A trip to parallel worlds of red and blue

Pasadena Republicans and the crew at Tolliver's Barber Shop offer a microcosm of the starkly different views dividing the nation.

California is, of course, a solid blue state. But it's got plenty of red patches, as we know, sometimes in close proximity to blue. On election day, I drove from one color to another, and the contrasts were so striking, I felt like an interplanetary explorer.

My first stop was at the Republican Party headquarters on East Colorado Boulevard in Pasadena, where campaign workers were managing last-ditch efforts to get out the vote.

My next stop was at Tolliver's Barber Shop on West Florence Avenue in South Los Angeles, where proprietor Lawrence Tolliver had created an amphitheater for customers to watch the televised coverage of the presidential campaign.

One location had a framed Time magazine cover of anti-tax rebel Howard Jarvis shaking a fist, the other had a portrait of the Rev. Martin Luther King Jr. At one location, the TV was tuned to Fox News, at the other it was MSNBC.

Any guesses which was which?

In both places, the hope was that there'd be an evening celebration. The Pasadenans had shopped for party food at Costco. The gang at Tolliver's threw some ribs onto the oil-drum grill out back, and smoky funnels rose to the heavens.

"I'm a liberty Republican," Cesar Montoya, 21, told me at the GOP office.

By that, he meant he was a libertarian-leaning Republican, a mind-set he formed while studying political science and economics at Cal State Long Beach. Montoya is a smaller government, lower taxes kind of guy, and in this election, that spelled R-O-M-N-E-Y.

In the back of the Pasadena GOP's office, a life-size cardboard cutout of Mitt Romney stood next to one of Ronald Reagan, and I couldn't resist suggesting that Reagan wouldn't stand a chance in today's GOP. After all, he raised taxes and signed an abortion rights bill as governor of California, and as president, he amnestied illegal immigrants and nearly tripled the national debt.

A guy like that would be pilloried today on Fox News.

"Times have changed, and he was a strong leader," Lynn Gabriel, president of the Pasadena Republican Club, said of Reagan.

Gabriel said she's not looking for a president who will lower her taxes, but a president who will spend her taxes more efficiently. She insisted that's not Obama, who runs a big, overreaching government.

I asked what she thought of those who believe Obama is a Muslim. Gabriel didn't respond directly, but she did say she thinks the strength of foreign "Islamo-fascists" has grown since Obama took office, and she believes his Middle East polices show a certain sympathy to Muslim interests. She also said she was concerned about his exposure to black liberation theology based on his relationship with the Rev. Jeremiah Wright.

Gabriel is also sick of the liberal media, especially the three major TV networks, which she believes didn't show the extent of Hurricane Sandy's damage because it would reflect negatively on Obama's response. I asked if she'd watched those three networks, and she said no, but her husband had.

Twenty miles away, the patrons of Tolliver's Barber Shop wondered how Obama's critics could ignore the president's accomplishments in the last four years.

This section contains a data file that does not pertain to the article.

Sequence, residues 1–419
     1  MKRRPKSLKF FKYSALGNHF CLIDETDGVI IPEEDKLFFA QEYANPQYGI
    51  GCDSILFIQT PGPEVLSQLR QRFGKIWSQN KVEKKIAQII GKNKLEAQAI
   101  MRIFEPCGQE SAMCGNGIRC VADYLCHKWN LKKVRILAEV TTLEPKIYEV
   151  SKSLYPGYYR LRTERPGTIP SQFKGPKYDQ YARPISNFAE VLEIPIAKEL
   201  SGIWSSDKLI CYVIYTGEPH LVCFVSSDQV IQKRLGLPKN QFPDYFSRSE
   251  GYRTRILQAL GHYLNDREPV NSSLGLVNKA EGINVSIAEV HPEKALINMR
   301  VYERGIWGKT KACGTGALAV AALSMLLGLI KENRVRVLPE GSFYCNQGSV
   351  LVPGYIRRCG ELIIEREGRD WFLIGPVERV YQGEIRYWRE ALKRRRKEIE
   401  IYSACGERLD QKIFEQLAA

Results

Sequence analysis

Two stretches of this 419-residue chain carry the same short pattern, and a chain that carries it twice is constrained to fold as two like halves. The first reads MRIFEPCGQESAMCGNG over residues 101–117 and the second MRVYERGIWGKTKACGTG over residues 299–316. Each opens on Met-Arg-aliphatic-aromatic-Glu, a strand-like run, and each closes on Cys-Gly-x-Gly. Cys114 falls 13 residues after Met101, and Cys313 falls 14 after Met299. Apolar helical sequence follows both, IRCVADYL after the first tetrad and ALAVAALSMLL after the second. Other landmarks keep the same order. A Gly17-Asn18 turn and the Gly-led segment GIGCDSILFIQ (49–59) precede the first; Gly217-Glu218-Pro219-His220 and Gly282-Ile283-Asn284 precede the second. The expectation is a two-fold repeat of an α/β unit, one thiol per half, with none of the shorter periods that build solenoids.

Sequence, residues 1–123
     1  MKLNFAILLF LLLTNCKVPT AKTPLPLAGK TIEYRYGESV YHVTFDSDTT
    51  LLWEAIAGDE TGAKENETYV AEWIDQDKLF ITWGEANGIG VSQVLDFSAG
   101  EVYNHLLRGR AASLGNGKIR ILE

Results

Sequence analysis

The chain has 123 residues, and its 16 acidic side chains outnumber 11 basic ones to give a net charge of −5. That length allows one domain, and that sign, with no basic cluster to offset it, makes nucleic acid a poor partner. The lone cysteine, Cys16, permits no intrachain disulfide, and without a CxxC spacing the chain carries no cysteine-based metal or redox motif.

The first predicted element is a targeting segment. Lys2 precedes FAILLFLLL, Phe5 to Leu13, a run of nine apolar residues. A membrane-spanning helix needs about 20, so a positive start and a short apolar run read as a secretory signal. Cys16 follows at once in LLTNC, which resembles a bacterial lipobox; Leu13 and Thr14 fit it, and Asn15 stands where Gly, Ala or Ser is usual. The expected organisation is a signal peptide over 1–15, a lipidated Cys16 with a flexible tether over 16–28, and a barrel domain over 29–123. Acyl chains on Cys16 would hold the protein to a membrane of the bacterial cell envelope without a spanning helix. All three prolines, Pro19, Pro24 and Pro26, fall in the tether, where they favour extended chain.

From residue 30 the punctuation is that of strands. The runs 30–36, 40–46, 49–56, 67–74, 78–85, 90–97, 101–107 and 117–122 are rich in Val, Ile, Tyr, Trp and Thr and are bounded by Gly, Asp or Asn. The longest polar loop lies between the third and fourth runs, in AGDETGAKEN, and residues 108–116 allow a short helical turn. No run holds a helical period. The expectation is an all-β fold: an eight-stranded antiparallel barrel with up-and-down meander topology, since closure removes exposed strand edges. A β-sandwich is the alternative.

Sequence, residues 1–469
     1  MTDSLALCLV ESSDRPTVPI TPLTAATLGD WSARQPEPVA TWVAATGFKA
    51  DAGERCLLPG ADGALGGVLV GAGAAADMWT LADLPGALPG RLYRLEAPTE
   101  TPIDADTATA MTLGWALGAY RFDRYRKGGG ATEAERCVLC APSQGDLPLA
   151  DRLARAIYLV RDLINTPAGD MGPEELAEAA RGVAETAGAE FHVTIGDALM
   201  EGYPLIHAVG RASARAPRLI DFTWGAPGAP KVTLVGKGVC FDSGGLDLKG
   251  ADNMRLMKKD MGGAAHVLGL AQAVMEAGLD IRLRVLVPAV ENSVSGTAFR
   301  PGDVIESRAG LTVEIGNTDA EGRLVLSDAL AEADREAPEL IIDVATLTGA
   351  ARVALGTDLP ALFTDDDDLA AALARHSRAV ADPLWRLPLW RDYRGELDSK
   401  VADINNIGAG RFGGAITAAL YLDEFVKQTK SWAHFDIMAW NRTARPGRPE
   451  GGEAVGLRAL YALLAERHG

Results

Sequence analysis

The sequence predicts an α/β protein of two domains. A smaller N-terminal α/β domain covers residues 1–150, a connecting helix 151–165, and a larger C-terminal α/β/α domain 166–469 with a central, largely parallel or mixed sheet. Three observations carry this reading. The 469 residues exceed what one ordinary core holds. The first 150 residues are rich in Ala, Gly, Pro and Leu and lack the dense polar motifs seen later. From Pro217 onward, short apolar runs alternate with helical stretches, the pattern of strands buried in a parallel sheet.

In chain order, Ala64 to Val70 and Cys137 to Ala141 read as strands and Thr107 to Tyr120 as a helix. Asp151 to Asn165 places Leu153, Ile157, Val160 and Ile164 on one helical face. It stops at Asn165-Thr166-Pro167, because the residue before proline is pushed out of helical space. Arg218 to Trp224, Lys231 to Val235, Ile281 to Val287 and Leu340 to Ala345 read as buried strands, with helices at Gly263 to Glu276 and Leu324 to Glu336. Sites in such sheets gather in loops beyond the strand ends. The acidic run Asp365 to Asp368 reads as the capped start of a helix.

Roger McGee, the man at the barbecue, said he got a lower mortgage rate and improved medical services at the VA in Long Beach, thanks to Obama's efforts.

Duane Clark said Obama's achievements included healthcare for those who had none, more school funding and help on student loans. As for Romney's comments about 47% of Americans feeling a sense of entitlement, Clark said you could count him in. He feels entitled to good parks and libraries, and he's worked to pay the taxes that support those institutions.

Clark and his wife, Debbie, had a treat Tuesday. They went with their son, Duane Jr., to the polls. Their son is 18; this was his first vote and he cast it for Obama.

"It felt awesome," said the young man.

To the extent that Obama didn't deliver more, said Lawrence Tolliver, there's plenty of blame to go around.

"It was their goal to stop Obama," he said of congressional Republicans and the constituents they answered to. "Forget about the country, just stop Obama."

Four years ago, I accompanied Tolliver as he went to the polls, swelling with pride at the chance to vote for an African American in a country that not so long ago had different rules for white and black. On Tuesday, Tolliver wore a U.S. flag fashioned as a shirt, saying it was in response to the chorus of Obama critics crying that it's time to take their country back.

"They don't like leadership being held by an African American. For some reason, that's un-American…and they've gotta take it back. That's why I wear this flag shirt and fly the American flag. I'm just as American as any of them."

Tolliver said he respected Romney and agrees with some of the ideas he hears from conservatives, and he'd like to think reasonable people can find common ground.

"Hopefully, when he wins this time, they'll say we have him for four more years, so now we can work with him because he's not going to run for reelection."

Well, I don't know how likely that will be, given the deep shades of red and blue in this country. But we'll get a chance to find out.

When the election was called in Obama's favor Tuesday night, I called the barbershop to speak to Mr. Tolliver.

"We did it," he said, half out of breath after coming back inside the shop from the middle of Florence Avenue with his friends and customers. "We were dancing in the street again."

steve.lopez@latimes.com

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